Free Kindle Ebooks – Do They Really Help Sell Books?

Free Kindle Ebooks Work

Does giving away free Kindle ebooks work? Every self-publishing author asks this question.

In my case, I think I have asked myself this question at least one thousand times.

Over the years, I must have given away more ebooks than I dare contemplate. I have used Amazon KDP Select and Smashwords and even turned a couple of ebooks into perma-free for some time.

Of course, I have tried 1,001 other means of book promotion. But after years of trial and error, mostly error, I can say this. Based on return on investment, giving away free books is an economical and viable means of book promotion.

Free can be an effective ebook promotion

Why give away my work for free?

It is expensive to use Bookbub to promote your ebooks.

Facebook Ads, Amazon Ads, Goodreads Ads, and paid book promotion sites are costly, too.

But giving away a few, a hundred, or even a few thousand ebooks costs you nothing.

But the benefits are real.

Firstly, on KDP, free ebooks help push your book and author ranking a little higher.

It can make your ebook more discoverable to paying readers.

Maybe not to N0.1, but when spread out over each KDP Select 90-day period, it does help stop your book ranking from sliding.

Free ebooks are a proven way to get book reviews.

It’s easy to think that a free ebook is a lost sale, but this is not necessarily true.


How readers find free ebooks

To find free Kindle ebooks, a reader does have to hunt just a little using Amazon search.

But those who hunt are often book bloggers or reviewers looking for free ebooks to write about.

Then there are those readers who ONLY download free ebooks. Perhaps, young readers, who would probably rarely make a purchase anyway.

If they add comments or reviews about the free ebooks they read on Goodreads, it’s worthwhile.

Even better, if they posted an Amazon book review, the free ebook was a good investment.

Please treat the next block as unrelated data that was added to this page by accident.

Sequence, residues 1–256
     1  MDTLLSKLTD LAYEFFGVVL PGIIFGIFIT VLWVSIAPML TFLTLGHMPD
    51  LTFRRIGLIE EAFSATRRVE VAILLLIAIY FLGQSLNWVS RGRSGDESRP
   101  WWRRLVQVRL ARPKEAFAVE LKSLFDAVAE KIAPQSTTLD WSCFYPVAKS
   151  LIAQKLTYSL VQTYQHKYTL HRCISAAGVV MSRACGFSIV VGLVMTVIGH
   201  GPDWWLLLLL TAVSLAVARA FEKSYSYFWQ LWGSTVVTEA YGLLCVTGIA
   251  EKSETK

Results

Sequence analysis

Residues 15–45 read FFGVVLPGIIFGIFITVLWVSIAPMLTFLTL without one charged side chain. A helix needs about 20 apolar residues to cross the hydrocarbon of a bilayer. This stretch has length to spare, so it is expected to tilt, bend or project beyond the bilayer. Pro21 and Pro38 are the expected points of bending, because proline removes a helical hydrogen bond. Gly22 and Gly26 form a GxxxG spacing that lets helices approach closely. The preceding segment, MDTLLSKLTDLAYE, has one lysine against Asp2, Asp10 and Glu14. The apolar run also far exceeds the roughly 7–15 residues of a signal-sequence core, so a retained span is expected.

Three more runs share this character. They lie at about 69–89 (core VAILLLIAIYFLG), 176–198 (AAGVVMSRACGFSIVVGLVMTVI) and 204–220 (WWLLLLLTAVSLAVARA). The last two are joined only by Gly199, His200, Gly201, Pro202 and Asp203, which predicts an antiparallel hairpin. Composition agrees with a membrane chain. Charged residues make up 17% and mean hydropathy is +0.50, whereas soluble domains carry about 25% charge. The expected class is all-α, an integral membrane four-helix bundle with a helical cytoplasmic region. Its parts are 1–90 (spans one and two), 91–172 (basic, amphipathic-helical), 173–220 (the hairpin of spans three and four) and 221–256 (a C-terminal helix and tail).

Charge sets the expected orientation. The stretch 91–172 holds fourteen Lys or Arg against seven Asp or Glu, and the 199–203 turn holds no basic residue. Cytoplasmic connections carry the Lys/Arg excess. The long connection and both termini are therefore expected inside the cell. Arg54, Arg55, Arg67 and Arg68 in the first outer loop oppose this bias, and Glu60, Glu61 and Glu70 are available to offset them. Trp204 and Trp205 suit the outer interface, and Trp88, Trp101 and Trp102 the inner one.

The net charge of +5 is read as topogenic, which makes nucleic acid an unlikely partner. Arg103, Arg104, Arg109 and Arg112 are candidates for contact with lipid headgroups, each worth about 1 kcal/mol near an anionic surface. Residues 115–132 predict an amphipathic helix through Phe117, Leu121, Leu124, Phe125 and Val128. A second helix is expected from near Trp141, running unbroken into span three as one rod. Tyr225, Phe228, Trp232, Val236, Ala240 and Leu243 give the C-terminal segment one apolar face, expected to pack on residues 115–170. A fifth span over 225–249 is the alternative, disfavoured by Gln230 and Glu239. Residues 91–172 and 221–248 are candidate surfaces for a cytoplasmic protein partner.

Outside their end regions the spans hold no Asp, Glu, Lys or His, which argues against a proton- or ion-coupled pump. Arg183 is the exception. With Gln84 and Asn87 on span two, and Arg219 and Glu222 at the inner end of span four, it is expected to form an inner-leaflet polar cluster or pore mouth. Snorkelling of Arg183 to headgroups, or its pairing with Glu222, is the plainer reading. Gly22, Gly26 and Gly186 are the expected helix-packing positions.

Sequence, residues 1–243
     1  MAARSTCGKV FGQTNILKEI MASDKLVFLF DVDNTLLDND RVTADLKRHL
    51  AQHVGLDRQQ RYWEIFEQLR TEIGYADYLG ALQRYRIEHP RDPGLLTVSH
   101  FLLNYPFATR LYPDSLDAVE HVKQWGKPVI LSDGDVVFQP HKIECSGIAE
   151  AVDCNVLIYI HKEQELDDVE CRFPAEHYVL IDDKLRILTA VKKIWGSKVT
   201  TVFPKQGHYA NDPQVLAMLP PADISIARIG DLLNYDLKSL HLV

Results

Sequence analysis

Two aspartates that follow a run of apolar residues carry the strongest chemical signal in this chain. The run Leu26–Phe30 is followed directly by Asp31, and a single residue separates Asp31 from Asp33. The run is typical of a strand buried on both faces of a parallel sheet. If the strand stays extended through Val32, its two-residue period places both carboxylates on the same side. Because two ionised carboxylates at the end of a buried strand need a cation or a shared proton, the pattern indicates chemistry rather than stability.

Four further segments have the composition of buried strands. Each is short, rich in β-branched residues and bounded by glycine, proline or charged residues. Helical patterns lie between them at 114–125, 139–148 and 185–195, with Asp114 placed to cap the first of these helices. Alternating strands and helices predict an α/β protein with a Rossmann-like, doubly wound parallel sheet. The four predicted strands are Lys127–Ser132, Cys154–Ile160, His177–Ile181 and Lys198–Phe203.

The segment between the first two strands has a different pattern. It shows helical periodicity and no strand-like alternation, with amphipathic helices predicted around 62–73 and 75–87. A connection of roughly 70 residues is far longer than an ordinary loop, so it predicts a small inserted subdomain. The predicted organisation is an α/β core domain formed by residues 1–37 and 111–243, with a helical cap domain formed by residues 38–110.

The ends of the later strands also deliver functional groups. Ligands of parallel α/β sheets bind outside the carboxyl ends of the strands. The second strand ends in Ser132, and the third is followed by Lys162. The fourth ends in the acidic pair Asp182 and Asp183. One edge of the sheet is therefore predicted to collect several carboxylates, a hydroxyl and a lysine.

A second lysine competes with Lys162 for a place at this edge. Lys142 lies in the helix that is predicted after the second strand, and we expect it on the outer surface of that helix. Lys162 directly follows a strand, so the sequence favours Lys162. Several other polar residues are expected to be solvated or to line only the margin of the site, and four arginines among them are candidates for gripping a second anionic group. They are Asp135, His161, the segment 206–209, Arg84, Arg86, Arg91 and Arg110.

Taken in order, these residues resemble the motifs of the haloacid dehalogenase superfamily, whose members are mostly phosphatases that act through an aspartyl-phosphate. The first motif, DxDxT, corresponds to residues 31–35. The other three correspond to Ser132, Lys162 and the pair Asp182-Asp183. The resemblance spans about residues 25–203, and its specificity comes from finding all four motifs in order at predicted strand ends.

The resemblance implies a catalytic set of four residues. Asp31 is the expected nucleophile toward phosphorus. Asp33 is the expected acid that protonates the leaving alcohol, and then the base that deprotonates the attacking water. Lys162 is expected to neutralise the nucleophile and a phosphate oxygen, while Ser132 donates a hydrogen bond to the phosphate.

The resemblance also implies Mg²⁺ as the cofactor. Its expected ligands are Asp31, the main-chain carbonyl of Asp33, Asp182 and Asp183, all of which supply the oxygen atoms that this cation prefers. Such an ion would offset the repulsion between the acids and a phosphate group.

If you have a book series, a free first-in-the-series ebook is a cost-effective way to attract new paying readers.

The other benefit is post-promotion sales.

Don’t ask me why because I have never figured this out.

But after (almost) every giveaway, sales jump over the next few days or even up to a week.

Another possible benefit is that a free ebook may encourage a Kindle Unlimited subscriber to read another one of my ebooks, which would then become a paying read.

Compared to the other main KDP Select promotional tool, Kindle Countdown Deals, I must say that I haven’t found it to be as productive as free ebooks.

It’s probably because discounting an ebook is not as attractive as free.

So, to answer my original question.

Yes, free ebooks can work in attracting sales, and it is a zero-cost way of doing so.


Make your ebook free

Amazon Kindle books are the most popular free ebooks online.

If you are a self-published author and enrolled in KDP Select, you are probably offering your ebooks for free for five days every three months.

For authors and publishers who are open-publishing with an aggregator such as Draft2Digital or Smashwords, you can easily set the price of your ebooks to zero.

On top of these choices, do you know you can also self-publish on Project Gutenberg Self-Publishing Press to make your ebook available forever free?

Another way to make your ebook free is to offer a free ebook download from your WordPress website or blog. It is a terrific way to ask for a reader’s email address to help build your mailing list.

There are many ways to make ebooks free online, but that is the easy part.


Giving away free books is competitive

Kindle Store - Free Kindle ebooks

Try a search for “free ebooks for Kindle” on Amazon.  The result is always “1-16 of over 50,000 results …”

In the image above, I have underlined the result in red. This means that there are well over 50,000 free ebooks available on Amazon every day. How many more? Who knows, but you could probably easily double the number.

With so many free ebooks and now an increasing number of audiobooks available for free with some book apps, free is a competitive market.

If you need a taste of how competitive it is, LifeWire has a list of 22 sites where readers can get free ebooks for their Kindle readers.

When you plan to offer your book for free as a loss leader, how will you help readers find it?

By making your ebook free, you might think that readers on Amazon will jump at the chance. Forget it.

If you are in KDP Select and use your five free days in the hope of giving away hundreds of copies and getting some book reviews, then good luck.

The market is more than saturated with free ebooks.

If your reason for offering your books for free is to increase your book ranking and attract more sales, you need to do some work.


You need to promote free ebooks

It is truly perverse. The only way to give away books is to spend a lot of time, energy, and perhaps money encouraging readers to grab your book while it is free.

A whole new industry has sprung up because of this need.